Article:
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Keywords:

  • Amino acids;
  • carcasses;
  • microbial phytase;
  • minerals;
  • pigs;
  • protein;
  • utilization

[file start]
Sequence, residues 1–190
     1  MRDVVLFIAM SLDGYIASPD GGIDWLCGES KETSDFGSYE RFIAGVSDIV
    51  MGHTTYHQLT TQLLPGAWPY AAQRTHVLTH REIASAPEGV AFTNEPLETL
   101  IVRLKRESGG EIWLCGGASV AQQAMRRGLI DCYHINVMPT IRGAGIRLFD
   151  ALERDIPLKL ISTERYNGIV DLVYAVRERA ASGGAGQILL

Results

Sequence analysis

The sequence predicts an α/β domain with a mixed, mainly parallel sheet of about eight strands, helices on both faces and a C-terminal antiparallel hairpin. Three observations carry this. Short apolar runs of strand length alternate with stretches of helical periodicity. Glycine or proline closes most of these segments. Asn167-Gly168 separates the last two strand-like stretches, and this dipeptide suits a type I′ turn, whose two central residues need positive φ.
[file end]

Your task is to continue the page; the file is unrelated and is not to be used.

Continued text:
Summary The objective of this study was to evaluate the effect of a combined low-protein (CP) low-phosphorus (P) diet, supplemented with limiting amino acids and microbial phytase, on performance, nutrient utilization and carcass assessment of grower–finisher barrows. 4 × 6 crossbreed barrows were continuously housed in metabolism cages from 25 to 100 kg live weight and were fed diets, either conventional according to recent nutrient recommendations (A) or protein reduced (B) or protein and phosphorus reduced diets (C) based on barley (59–80%), maize (15%) and soybean meal (23–2%). Diet A (positive control) contained in fresh matter 18.5%, 15.6% and 13.6% CP and 0.59%, 0.51%, 0.50% P (growth phases I: 25–50 kg, II: 50–75 kg, III: 75–100 kg weight). Diet B was low in CP (14.2%, 13.4%, 11.0%), diet C low in CP and low in P (CP: as B, P: 0.46%, 0.41%, 0.32%). Diet D served as a negative control (CP and P as C). To diet B the limiting amino acids lysine, methionine, threonine and trypthophan were added to meet the levels in diet A, to diet C the limiting amino acids and 800 FTU Aspergillus-phytase per kg were supplemented. At the end of the balance periods of about 100 (A,B,C) or 133 (D) days, the barrows were slaughtered at 100 kg live weight, the carcasses scored and loin, biceps femoris, os femoris and phalanx prima IV were analysed for their nutrient (dry matter, protein, fat) or mineral (ash, Ca, P, Mg, Fe, Zn) composition. In contrast to the basal diet D, the CP or P reduction in diets B and C did not negatively affect growth, feed efficiency, nitrogen retention or overall carcass performances of the pigs. With the low CP diets B and C, N excretion via the urine was significantly reduced and thus N excretion per unit weight gain was decreased by about 30%. The addition of microbial phytase (C) increased apparent digestibility of P significantly between 25% (growth phase III) and 50% (growth phase II). In spite of 25% reduction of P intake (C), the absolute daily P retention did not differ between treatments. Thus phytase supplementation in diet C reduced P excretion per unit weight gain by about 35% (I, II) to 44% (III) as compared with A and B. Similarly, phytase raised apparent digestibility of Ca by about 25% and Zn by about 80%. Generally, the carcass and meat characteristics were not affected by any of the diet strategies employed in this experiment. Mineralization (bone weight, ash, Ca, P, Mg) of the os femoris and phalanx prima IV were also similar in all treatment groups. However, phytase supplementation led to significantly increased zinc concentration in bones, indicating considerably improved zinc release from the phytate complex. In contrast, Fe incorporation into the os femoris was significantly reduced in the phytase group. In general, the low CP and low P feeding regimen introduced in this experiment offers substantial benefits in maintaining a sustainable environmentally-friendly pork production.